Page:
Fairness for American Farmers and Ranchers This Thanksgiving
Today, the Small Business Committee’s Subcommittee on Agriculture, Energy and Trade heard testimony on the need to reform the Small Business Administration (SBA) small business size standards for agriculture.
A panel of stakeholders described to lawmakers how the SBA’s standards for determining which businesses qualify as small businesses put American farmers and ranchers at a serious disadvantage when competing for federal contracts and applying for SBA loans.
The SBA’s current size standard for agricultural enterprises, which is set in statute, has not been updated in 15 years – failing to account for changes in industry structure, commodity prices, costs of production, and other economic conditions.
The single size standard applies to 46 diverse subsectors of the agriculture industry including soybeans, citrus, beef cattle and poultry.
“It seems to me that small farmers and ranchers have been neglected for too long,” said Subcommittee Chairman Carlos Curbelo (R-FL). “The size standard setting process for agricultural enterprises needs to be modernized. The existing statutory size standard does not account for changes in industry structure, costs of production, economic conditions, or other factors.”
Last month, Small Business Committee Member Rep. Mike Bost (R-IL), introduced H.R. 3714, the Small Agriculture Producer Size Standards Improvements Act of 2015.
“(L)ow relative commodity prices, thin margins and increased costs for land and other inputs has resulted in the consolidation of many individual family-owned operations into larger, single family-owned business units. However, these operations very much remain small businesses,” noted Rep. Bost during today’s hearing. “An appropriate size standard for agriculture producers will help create new opportunities for small agriculture producers and help ensure government agencies are meeting Congressionally-established small business contracting goals.”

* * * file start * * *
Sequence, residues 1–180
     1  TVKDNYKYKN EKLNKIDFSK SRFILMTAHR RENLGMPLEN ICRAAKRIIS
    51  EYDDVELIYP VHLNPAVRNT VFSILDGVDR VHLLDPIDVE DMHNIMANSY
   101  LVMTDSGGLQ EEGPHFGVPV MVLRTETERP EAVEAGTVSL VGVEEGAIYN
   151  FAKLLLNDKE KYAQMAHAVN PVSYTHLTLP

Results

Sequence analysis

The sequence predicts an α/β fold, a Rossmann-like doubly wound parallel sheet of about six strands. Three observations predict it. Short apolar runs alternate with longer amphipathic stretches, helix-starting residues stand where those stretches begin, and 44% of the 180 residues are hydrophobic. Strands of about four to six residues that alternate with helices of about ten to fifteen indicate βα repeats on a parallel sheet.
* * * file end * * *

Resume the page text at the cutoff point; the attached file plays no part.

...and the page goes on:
Key quotes from other witnesses on today’s panel:
“The cattle operation my family owns today looks very different from how it started when you consider the market conditions and cost of production have changed significantly over time,” said Mr. Jeff Beasley, the co-owner of Beasley & Sons Livestock in Creal Springs, IL. “The outdated size standards of the Small Business Act clearly do not reflect the needs of modern agriculture.”
“A farm’s receipts are not necessarily indicative of their relative success, status or size. Through the years, my farm has grown in size. It has grown to allow me to spread out expenses, to allow for more family member involvement, and to ensure my wife and I were able to provide for our family responsibly,” said Larry Burgin, the owner of Mushkoday Farm in Delhi, NY. “But the growth in size was not directly commensurate with growth in income. Like in other businesses, input costs are volatile and seemingly always on the rise and margins are always shrinking. SBA programs should acknowledge these unique aspects of agriculture in order to be a partner in our success.”
“With higher commodity price levels, a significant number of crop farms may have shifted out of the small business category, as currently defined by statute, with no real change to the scale of their operations,” said Dr. Nicholas D. Paulson, Associate Professor Agricultural and Consumer Economics University of Illinois at Urbana-Champaign in Urbana, IL. “The farms most likely to be impacted by the SBA definition are those which currently contribute the majority of the value of production to US agriculture. Thus, it is even more critical to have an appropriate definition in place for small agricultural businesses to ensure continued access to and eligibility for SBA programs.”
You can view the video of today’s hearing HERE.
In July 2014, John Shoraka, SBA’s Associate Administrator for Government Contracting and Business Development, testified before the subcommittee, “If SBA were mandated to review agricultural size standards, adjustments for inflation and other economic conditions could be made.”“Currently, SBA does not adjust the statutory agricultural size standards for inflation,” Shoraka testified. “As a result, the agricultural size standard has remained at the $750,000 receipts level since 2000, while SBA has reviewed and adjusted monetary based size standards for inflation four times in that time period.”